Prime minister Macmillan on the last two stages of his 30-day African tour flew from the Orange Free State to Maseru, capital of the British colony of Basutoland Feb 1 for a two-hour visit, then flew on to Capetown for a welcome by South African Prime Minister Verwoerd.
SV. Macmillan and Lady Dorothy greeted at Maseru (Basutoland).
CU. Chieftainess Mantsebo Seeiso.
SV. Macmillan shakes hands with Seeiso.
LV. Macmillan walks and waves to natives.
CU. Lady Dorothy talks to native VIP.
SBV. Macmillan waves to natives.
CU. PAN. Natives wave.
LV. Macmillan walks past waving to natives.
GV. Car arrives at residency.
SV. Guard presents arms.
GV. Residency, people move around.
SCU. Macmillan talks to guests.
SV. PAN. Lady Dorothy walks on lawn.
SV. Macmillan plants tree.
SCU. Macmillan puts on jacket.
LV. Macmillan and lady Dorothy leaves plane at Cape Town greeted by Verwoerd and wife.
LV. Macmillan waves, walks with Verwoerd.
LV. People on airport terrace.
SV. Macmillan shakes hands with officials.
CU. Lady Dorothy and Mrs. Verwoerd look on.
SV. Macmillan walks past, waves hand to spectators.
SV. Macmillan walks, shaking hands with various onlookers in crowd.
Initials JRG/R/AHS CW
Script is copyright Reuters Limited. All rights reserved
Background: Prime minister Macmillan on the last two stages of his 30-day African tour flew from the Orange Free State to Maseru, capital of the British colony of Basutoland Feb 1 for a two-hour visit, then flew on to Capetown for a welcome by South African Prime Minister Verwoerd.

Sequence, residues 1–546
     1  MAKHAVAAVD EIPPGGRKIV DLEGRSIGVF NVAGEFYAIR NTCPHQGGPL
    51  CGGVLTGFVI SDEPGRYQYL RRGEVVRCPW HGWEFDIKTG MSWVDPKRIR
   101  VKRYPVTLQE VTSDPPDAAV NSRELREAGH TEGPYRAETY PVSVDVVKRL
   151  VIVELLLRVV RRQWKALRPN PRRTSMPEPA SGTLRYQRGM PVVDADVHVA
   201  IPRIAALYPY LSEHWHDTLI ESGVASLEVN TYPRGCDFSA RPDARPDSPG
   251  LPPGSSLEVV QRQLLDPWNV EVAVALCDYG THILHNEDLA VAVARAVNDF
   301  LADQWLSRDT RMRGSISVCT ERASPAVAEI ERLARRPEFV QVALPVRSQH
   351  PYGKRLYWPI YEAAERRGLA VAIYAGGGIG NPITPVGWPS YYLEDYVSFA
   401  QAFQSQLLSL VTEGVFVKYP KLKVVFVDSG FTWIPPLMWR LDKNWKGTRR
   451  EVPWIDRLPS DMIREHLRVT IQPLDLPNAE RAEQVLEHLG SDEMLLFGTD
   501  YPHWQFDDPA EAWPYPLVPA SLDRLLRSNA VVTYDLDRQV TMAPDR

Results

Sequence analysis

Among those at Maseru airport to greet Premier Macmillan and his wife, Lady Dorothy, was the Regent Paramount Chieftainess 'Mantsebo Seeiso.' In a speech she thanked the British Government for granting the Basuto nation the first step towards self-government.
This first step is the new constitution giving Basutoland, with its 640,000 Basutos and 6,000 whites, its first legislative council known as the Basutoland National Council. The Council meet for the first time later this month. Seventy six of its 80 members are African.
After a reception at the British Resident Commissioner's home, attended by members of the Council, Premier Macmillan flew in his 'Viscount' to Capetown. Before leaving the airport he shook hands with applauding spectators.
Before the South African Parliament Feb 3 he made his historic speech warning of "the wind of change blowing through the Continent."